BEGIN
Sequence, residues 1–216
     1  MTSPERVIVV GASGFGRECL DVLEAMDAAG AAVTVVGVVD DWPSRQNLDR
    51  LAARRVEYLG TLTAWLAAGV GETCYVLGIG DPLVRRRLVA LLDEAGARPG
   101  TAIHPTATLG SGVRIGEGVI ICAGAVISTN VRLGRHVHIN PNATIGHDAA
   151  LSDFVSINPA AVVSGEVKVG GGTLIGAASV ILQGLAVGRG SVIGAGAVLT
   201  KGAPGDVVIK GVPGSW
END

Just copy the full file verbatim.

Sequence, residues 1–216
     1  MTSPERVIVV GASGFGRECL DVLEAMDAAG AAVTVVGVVD DWPSRQNLDR
    51  LAARRVEYLG TLTAWLAAGV GETCYVLGIG DPLVRRRLVA LLDEAGARPG
   101  TAIHPTATLG SGVRIGEGVI ICAGAVISTN VRLGRHVHIN PNATIGHDAA
   151  LSDFVSINPA AVVSGEVKVG GGTLIGAASV ILQGLAVGRG SVIGAGAVLT
   201  KGAPGDVVIK GVPGSW